Necessary Evil (****)
When this episode comes up in discussions it is often pointed out that it sets the show apart from TNG because Kira actually killed a guy. And I guess that my response to that is "So?" She was a member of of resistance movement during an occupation, collaborators are routinely killed in these kinds of situations, it's not unexpected that Kira would have carried out such an act in her past. DS9 set itself apart by putting her in the show in the first place, this episode doesn't change my opinion of the character much. Kira has killed lots of people, some of them were probably civilians that were caught in the crossfire, and killing a man that claimed to be a civilian when he was secretly working with the occupiers seems like the lesser of those two crimes. It wasn't even premeditated murder, she was caught trying to steal his info and she either had to kill him or allow herself to be captured and executed. I'm not saying it was right, I'm not making any moral judgements, I'm just saying that it's not as shocking as some make it out to be.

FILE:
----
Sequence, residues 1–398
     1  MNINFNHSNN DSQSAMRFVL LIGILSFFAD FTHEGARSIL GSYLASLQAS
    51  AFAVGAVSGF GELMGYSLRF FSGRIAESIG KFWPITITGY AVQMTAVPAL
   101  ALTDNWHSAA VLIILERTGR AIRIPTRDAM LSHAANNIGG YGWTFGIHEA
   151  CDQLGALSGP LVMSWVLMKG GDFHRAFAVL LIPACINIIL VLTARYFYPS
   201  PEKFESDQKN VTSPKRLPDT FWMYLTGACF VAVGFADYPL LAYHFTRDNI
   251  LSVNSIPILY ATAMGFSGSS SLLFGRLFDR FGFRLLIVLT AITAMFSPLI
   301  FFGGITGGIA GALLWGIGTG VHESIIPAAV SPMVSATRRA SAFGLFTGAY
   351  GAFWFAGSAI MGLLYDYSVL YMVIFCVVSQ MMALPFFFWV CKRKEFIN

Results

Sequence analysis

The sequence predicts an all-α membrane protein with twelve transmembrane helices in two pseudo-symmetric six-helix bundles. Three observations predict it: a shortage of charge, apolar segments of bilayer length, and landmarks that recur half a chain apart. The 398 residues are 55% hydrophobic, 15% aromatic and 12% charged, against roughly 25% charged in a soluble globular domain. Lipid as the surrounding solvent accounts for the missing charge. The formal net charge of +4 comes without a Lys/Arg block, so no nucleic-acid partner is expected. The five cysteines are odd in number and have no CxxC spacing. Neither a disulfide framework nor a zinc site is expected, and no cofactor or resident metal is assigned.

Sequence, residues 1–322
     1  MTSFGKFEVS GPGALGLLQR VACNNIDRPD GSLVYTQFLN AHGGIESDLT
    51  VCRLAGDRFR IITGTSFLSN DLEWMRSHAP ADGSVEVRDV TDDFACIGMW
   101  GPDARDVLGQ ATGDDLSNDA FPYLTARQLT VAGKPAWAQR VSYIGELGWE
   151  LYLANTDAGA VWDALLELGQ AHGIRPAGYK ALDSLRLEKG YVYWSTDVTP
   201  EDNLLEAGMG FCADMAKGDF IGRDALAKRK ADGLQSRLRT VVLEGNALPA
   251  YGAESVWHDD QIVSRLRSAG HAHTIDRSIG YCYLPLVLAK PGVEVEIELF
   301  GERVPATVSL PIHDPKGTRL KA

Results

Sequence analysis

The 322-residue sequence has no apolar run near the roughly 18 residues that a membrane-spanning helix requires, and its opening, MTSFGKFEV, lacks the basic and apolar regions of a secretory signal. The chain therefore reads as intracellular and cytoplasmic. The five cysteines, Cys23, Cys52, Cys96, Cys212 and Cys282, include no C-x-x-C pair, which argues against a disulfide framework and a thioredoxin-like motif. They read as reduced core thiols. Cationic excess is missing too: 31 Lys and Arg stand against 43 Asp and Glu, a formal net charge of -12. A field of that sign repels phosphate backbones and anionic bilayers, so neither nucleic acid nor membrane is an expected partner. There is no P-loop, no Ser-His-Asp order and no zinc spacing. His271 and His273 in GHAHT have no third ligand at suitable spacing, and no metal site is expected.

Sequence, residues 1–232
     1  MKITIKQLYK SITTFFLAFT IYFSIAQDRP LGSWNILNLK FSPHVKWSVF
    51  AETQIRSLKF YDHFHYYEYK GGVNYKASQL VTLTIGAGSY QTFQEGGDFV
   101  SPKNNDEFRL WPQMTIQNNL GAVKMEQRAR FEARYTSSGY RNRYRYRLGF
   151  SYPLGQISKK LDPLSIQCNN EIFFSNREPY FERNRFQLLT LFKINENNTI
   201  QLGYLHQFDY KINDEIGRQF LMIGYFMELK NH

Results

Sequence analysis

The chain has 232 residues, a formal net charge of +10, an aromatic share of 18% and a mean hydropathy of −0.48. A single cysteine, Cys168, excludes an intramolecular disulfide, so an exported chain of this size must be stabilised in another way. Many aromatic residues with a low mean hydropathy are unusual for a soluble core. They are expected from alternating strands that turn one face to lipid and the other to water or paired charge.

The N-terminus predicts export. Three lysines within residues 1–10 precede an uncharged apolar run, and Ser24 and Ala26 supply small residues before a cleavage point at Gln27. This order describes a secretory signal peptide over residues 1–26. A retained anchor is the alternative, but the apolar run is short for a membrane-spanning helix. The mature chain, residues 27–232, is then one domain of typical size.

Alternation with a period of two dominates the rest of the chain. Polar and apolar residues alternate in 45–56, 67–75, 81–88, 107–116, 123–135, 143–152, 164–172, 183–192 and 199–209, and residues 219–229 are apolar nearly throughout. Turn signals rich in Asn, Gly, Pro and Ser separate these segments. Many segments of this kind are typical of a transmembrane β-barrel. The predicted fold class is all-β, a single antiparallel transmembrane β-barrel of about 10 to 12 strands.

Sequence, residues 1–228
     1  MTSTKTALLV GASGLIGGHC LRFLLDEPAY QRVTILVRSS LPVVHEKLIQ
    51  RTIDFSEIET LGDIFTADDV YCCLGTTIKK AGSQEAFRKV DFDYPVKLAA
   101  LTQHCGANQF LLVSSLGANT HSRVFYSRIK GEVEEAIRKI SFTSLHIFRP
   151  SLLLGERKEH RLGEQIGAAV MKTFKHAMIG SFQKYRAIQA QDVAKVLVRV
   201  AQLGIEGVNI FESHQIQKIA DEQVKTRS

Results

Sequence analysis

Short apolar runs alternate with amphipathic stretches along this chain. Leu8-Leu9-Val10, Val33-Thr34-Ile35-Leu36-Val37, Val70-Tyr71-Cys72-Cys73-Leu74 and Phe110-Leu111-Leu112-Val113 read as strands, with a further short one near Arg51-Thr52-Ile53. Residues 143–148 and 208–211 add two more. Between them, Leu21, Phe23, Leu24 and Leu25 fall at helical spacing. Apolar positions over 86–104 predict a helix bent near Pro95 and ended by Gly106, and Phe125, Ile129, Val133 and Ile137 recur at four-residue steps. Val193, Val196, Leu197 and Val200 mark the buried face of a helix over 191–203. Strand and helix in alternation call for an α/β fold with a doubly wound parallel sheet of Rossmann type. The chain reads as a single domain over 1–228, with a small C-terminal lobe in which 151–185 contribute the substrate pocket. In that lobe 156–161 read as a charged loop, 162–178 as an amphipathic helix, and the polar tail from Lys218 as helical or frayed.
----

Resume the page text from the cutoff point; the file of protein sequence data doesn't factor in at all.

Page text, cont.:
I have some minor issues with this episode. Firstly, there's Odo's log entries. I get that they were going for a film noir feel for this episode and the log entries play into that, but they just didn't sound like Odo to me, they came across as forced. Secondly, Rom's characterisation gave me whiplash. He spent the previous episode concerned about losing his brother's affections, but in this episode he wants him to die again because he wants to own the bar. If this episode had come a couple of episodes before Rules of Acquisition
it wouldn't have been a big deal, but here it felt like a stab at humour that missed the mark.
However, I consider those to be minor faults in an otherwise great episode. Seeing the station during the occupation was fantastic, as were seeing Odo's first interactions with Dukat, Kira, and Odo. Dukat's in particular was excellent, you almost believe him when he says that he wants Odo to find the killer so that he doesn't have to go through the brutality of killing 10 innocent Bajorans, when the truth is that he knows Odo is the best hope of routing out members of the Bajoran underground. A part of me wonders if Dukat actually believes his own lie. It's fascinating seeing these four characters in their first entanglements with one another, especially knowing the important roles they're going to play in one another's lives. Also, after hearing so much about the horrors of the occupation, it's about time that we got to see how bad things were back then.